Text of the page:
Predicting Survival in MM With Renal Impairment and Light Chain Cast Nephropathy

The quality of renal response to therapy was associated with survival in patients with multiple myeloma (MM) with renal impairment and light chain cast nephropathy (LCCN), according to a study published in Blood. These results suggest that adding renal biopsy findings to clinical assessment may assist in predicting patient outcomes associated with MM and renal impairment.

Few studies have investigated the prognostic value of histologic findings in LCCN, and most were conducted before the era of currently used antimyeloma agents, said study author Virginie Royal, MD, of the University of Montreal in Québec. Dr. Royal and her colleagues retrospectively identified an international cohort of 178 patients with biopsy-proven LCCN who had follow-up data and pathology material available for analysis.

Patients were included in the study if they met the following criteria:

  • diagnosis of MM
  • ≥1 renal tubular cast with typical appearance for a light chain cast by light microscopy
  • ≥1 cast staining for anti-κ or anti-λ by immuno-fluorescence or immunohistochemistry
  • sufficient follow-up data to examine hematologic response

In patients who presented prior to 2006, the hematologic response was evaluated retrospectively using International Myeloma Working Group criteria. Hematologic response was based on protein electrophoresis and serum and urine immunofixation when free light chain (FLC) assay was not available.

Approximately 82% of patients received bortezomib- or immunomodulatory drug-based regimens as initial therapy for their MM. All patients received these therapies as either first- or secondline approaches.

Overall, the mean age of the cohort was 66±11 years, and the median time between diagnosis of MM and LCCN was 2 days (range = 0-25). The mean estimated glomerular filtration rate (eGFR) at presentation was 13±11 mL/min/1.73 m2. Approximately 82% of patients had stage III acute kidney injury at presentation. The mean number of casts was 3.2/mm2 in the cortex and 2.2/mm2 in the medulla.

The following histologic patterns were observed on pathology review:

  • acute tubular injury (94%)
  • tubulitis (82%)
  • tubular rupture (62%)
  • giant cell reaction (60%)
  • cortical inflammation (95%)
  • medullary inflammation (75%)

The investigators observed correlations between eGFR value at LCCN diagnosis and medullary inflammation (p=0.04), giant cell reaction around casts (p=0.003), and extent of cast formation (p<0.001).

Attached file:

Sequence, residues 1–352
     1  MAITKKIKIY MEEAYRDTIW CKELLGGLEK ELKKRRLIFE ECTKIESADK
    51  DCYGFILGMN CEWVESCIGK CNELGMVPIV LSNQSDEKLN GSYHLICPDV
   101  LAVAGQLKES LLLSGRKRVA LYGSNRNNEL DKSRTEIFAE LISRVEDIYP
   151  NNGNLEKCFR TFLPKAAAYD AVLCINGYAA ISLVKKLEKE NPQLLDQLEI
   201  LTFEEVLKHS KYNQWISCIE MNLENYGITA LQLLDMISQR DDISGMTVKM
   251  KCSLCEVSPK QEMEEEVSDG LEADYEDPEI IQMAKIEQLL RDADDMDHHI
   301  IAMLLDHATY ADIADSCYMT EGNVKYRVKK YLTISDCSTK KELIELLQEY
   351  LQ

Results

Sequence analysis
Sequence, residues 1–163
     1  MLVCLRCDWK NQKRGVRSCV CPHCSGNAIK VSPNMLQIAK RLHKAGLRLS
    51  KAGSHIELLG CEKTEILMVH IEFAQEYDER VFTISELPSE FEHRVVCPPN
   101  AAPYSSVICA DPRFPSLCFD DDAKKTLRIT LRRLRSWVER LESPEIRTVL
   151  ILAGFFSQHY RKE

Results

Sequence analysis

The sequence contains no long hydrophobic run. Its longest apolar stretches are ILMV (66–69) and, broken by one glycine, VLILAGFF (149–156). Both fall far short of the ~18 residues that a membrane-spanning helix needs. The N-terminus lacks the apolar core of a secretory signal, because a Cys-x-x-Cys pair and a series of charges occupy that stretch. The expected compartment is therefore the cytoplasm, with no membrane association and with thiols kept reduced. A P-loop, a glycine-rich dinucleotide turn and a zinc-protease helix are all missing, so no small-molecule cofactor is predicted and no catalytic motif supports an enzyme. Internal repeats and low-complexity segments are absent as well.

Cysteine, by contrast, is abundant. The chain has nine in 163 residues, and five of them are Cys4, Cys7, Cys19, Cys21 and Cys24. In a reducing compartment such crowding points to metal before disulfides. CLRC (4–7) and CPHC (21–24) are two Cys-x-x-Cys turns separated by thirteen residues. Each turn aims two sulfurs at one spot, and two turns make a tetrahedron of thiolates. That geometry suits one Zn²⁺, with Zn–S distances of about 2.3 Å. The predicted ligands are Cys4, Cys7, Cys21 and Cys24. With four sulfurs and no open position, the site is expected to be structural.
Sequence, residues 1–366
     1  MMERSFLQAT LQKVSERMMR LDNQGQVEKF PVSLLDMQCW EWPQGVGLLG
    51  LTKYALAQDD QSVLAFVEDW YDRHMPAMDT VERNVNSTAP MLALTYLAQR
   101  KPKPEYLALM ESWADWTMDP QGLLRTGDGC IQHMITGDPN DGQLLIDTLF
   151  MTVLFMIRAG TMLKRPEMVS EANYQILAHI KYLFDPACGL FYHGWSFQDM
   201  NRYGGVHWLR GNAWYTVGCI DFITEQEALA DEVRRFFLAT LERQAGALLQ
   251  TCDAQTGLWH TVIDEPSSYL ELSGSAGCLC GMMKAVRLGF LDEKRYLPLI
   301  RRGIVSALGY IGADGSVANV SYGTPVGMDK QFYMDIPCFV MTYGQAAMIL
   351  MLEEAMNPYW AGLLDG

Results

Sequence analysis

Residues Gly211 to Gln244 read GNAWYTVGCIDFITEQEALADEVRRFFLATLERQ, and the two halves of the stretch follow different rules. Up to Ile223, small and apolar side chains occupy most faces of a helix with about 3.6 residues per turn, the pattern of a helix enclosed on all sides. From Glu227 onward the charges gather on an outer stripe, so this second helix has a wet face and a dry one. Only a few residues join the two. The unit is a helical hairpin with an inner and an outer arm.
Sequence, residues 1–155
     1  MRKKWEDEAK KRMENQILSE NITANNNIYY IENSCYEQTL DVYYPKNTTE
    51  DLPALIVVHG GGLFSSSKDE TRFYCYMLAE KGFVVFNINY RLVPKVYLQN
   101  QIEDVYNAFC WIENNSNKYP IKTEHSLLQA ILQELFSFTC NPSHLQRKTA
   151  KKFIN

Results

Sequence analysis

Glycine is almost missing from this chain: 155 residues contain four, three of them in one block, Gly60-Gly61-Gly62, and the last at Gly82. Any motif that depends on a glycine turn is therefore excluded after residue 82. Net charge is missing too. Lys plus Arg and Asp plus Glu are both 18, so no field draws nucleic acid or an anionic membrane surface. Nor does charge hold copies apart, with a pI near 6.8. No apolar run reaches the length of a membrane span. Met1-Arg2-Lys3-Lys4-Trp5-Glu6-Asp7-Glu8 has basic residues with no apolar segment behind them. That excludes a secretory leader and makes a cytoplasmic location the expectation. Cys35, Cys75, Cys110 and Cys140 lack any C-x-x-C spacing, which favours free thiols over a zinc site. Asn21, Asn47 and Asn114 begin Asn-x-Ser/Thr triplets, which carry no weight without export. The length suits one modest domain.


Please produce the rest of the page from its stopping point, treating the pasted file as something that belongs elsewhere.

After a median of 5 months (range = 3-8), approximately 69% of patients had a very good partial response or better (≥VGPR). Over a median follow-up period of 22 months, the mean eGFR increased from 13±11 mL/min/1.73 m2 at presentation to 43±30 mL/min/1.73 m2. Factors independently associated with a higher eGFR during this follow-up period included younger age, β2-microglobulin, higher quality hematologic response, lower number of cortical casts/mm2, and less interstitial fibrosis/tubular atrophy.

A strong association was observed between overall survival (OS) and the best eGFR value (hazard ratio [HR] of death = 1.6 per every 15-mL/min/1.73 m2 drop in eGFR <45 mL/min/1.73 m2; 95% CI 1.3-1.9; p<0.001). In the multivariate Cox regression analysis, the association between OS and the best eGFR persisted.

“Our results strongly support the added value of performing a renal biopsy, as pathology findings correlate with the best estimated glomerular filtration rate, which is associated with the OS.”

—Virginie Royal, MD

Dr. Royal explained that these results are insufficient to recommend treatment adaptation based on renal pathology findings. “However, we believe that future interventional studies dedicated to renal outcomes in LCCN should consider stratification based on the extent of casts and, to a lesser extent, degree of interstitial fibrosis and tubular atrophy,” she said. “It is possible that investigational treatments for light chain removal, such as high cutoff dialysis membranes or plasma exchange, have benefits that may depend on the underlying pathology – something that has not been addressed in recent randomized controlled trials.

“In our observational study, when considering those who required hemodialysis at presentation,” she added, “the best eGFR was higher in patients who received extracorporeal removal of FLC, in line with results from the recent MYRE randomized controlled trial.”

Not all patients enrolled in the study survived long enough to be included in follow-up analyses. According to Dr. Royal, this limitation may have resulted in the selection of individuals with a better outcome. Despite this study being the largest ever published about outcomes in MM-associated LCCN, she noted, the modest sample size represents another limitation.

“Our results strongly support the added value of performing a renal biopsy, as pathology findings correlate with the best eGFR, which is associated with the OS,” said Dr. Royal. “In light of this, we believe that a pathology assessment should be considered in future studies dedicated to renal outcomes in LCCN.”

Reference

Royal V, Leung N, Troyanov S, et al. Clinicopathologic predictors of renal outcomes in light chain cast nephropathy: A multicenter retrospective study. Blood. 2020 Mar 11. [Epub ahead of print]